Vous êtes sur la page 1sur 14

SULPHUR PLANT TAIL GAS

INCINERATORS IN ALBERTA

A SURVEY OF CURRENT OPERATING


PRACTICE
AND
OPPORTUNITIES TO REDUCE FUEL GAS
CONSUMPTION

Prepared for:
Petroleum Technology Alliance Canada
Calgary, Alberta

Prepared by:
Bruce Klint, P.Eng.
Eugene Bast, E.I.T.
Chris Jaggard, E.I.T.

Sulphur Experts Inc.


Western Research
Calgary, Alberta
Canada

Project No. C504


March 2005
Petroleum Technology Alliance Canada Project No. C504
500 5th Avenue SW 2005-03-30
Suite 700, Chevron Plaza
Calgary, Alberta
T2P 3L5

Attention : Dennis Gaudet


Reference : Sulphur Plant Tail Gas Incinerators in Alberta - A Survey of Current
Operating Practice and Review of Opportunities to Reduce Fuel Gas
Consumption

Sulphur Experts has conducted a detailed review of the current operating practices of the numerous
Thermal Incinerators which are used to treat the tail gas waste gas from Sulphur Recovery Units in
the province. The complete results of this study contained in this report. If you have any questions
about the information contained in this report, please contact us by phone at 403-215-8400, by fax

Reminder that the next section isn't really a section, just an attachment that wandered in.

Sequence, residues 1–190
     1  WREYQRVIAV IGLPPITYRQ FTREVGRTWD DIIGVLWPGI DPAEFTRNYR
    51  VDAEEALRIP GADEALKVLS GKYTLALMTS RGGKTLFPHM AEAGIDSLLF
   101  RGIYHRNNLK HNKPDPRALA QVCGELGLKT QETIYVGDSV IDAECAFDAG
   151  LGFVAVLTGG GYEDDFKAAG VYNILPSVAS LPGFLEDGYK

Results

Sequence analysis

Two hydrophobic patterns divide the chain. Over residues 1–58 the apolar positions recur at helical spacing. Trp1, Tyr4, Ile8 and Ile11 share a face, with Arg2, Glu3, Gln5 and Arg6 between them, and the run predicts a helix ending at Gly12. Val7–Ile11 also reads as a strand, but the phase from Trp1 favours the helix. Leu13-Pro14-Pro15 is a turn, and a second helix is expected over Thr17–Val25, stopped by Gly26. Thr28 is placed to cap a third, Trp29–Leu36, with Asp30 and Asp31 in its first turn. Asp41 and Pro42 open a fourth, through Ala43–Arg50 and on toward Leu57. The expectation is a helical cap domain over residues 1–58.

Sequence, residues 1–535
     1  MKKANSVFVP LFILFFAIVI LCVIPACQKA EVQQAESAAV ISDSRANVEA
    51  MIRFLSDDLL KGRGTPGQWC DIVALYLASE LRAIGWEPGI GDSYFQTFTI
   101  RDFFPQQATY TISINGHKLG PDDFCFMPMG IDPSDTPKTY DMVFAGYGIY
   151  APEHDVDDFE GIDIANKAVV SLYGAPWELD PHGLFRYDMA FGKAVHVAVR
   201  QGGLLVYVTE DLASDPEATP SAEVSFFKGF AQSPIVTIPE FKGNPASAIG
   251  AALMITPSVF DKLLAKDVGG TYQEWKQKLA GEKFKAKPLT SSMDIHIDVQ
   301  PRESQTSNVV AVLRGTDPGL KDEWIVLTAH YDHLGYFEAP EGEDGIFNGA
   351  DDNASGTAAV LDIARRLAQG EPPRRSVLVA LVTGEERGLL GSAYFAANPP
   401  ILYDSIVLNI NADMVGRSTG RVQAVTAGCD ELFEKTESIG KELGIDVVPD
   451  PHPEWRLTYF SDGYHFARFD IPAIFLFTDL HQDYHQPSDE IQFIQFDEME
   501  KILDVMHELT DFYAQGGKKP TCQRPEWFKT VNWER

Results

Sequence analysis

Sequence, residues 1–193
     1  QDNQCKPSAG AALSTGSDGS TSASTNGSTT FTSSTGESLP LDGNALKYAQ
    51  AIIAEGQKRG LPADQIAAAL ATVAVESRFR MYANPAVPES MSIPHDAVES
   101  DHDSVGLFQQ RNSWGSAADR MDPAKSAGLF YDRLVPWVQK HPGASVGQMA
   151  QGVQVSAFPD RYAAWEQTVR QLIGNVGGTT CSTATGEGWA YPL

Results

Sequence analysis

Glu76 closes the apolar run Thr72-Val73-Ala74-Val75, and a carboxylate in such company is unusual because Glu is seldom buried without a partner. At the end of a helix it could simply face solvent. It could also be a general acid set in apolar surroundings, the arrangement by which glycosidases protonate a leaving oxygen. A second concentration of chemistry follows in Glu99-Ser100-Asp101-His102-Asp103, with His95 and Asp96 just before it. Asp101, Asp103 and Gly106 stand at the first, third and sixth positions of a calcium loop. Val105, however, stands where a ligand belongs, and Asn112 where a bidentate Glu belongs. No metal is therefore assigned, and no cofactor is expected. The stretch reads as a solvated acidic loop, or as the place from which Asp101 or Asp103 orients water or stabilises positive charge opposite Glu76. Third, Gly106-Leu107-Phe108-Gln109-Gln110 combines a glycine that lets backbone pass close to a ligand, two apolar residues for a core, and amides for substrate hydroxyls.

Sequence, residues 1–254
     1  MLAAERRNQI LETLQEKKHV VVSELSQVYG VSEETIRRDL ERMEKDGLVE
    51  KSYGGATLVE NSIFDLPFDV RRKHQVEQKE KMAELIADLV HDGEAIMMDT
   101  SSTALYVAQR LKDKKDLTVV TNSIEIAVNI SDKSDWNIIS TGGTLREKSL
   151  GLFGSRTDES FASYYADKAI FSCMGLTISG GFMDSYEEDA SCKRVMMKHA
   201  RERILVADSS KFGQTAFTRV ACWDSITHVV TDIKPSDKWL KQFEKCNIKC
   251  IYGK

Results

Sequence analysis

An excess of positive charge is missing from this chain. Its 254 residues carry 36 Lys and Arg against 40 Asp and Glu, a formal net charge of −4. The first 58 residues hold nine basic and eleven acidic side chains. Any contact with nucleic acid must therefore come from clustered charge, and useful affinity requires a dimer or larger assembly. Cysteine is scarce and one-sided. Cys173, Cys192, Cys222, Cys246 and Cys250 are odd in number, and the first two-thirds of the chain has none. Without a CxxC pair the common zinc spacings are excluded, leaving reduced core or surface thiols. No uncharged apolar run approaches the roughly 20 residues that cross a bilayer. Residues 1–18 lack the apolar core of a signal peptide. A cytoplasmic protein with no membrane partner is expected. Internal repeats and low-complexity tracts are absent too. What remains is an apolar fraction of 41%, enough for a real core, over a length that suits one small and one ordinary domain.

at 403-215-8419 or by email at help@sulphurexperts.com.

Yours truly,
Sulphur Experts Inc.
Western Research

Bruce Klint, P.Eng.


Manager - Engineering

Sulphur Experts Inc.


USA Office Head Office European Office
2819 University Blvd. Suite 102, 12 Manning Close N.E. Amperestraat 3
Tyler Texas 75713-0307, USA Calgary, Alberta,T2E 7N5, Canada NL 1704 SM Heerhugowaard, The Netherlands
Tel: +1 903-894-6029 Tel: +1 403-215-8400 Tel: +31-72-571-7264
Fax: +1 903-894-6029 Fax: +1 403-215-8419 Fax: +31-72-571-7347
Email: help@sulphurexperts.com www.SulphurExperts.com
PTAC SRU Incinerator Optimization Survey Report Project C504

Table of Contents

Table of Contents . . . . . . . . . . . . . . . . . . . . . . . . . . . . . . . . . . . . . . . . . . . . . . . . . . . . . . . . . . . . . . 1

1.0 Introduction . . . . . . . . . . . . . . . . . . . . . . . . . . . . . . . . . . . . . . . . . . . . . . . . . . . . . . . . . . . . . . 1
1.1 Thermal Incinerator Optimization Overview . . . . . . . . . . . . . . . . . . . . . . . . . . . . . . . . 2

2.0 Future Opportunities . . . . . . . . . . . . . . . . . . . . . . . . . . . . . . . . . . . . . . . . . . . . . . . . . . . . . . . . 4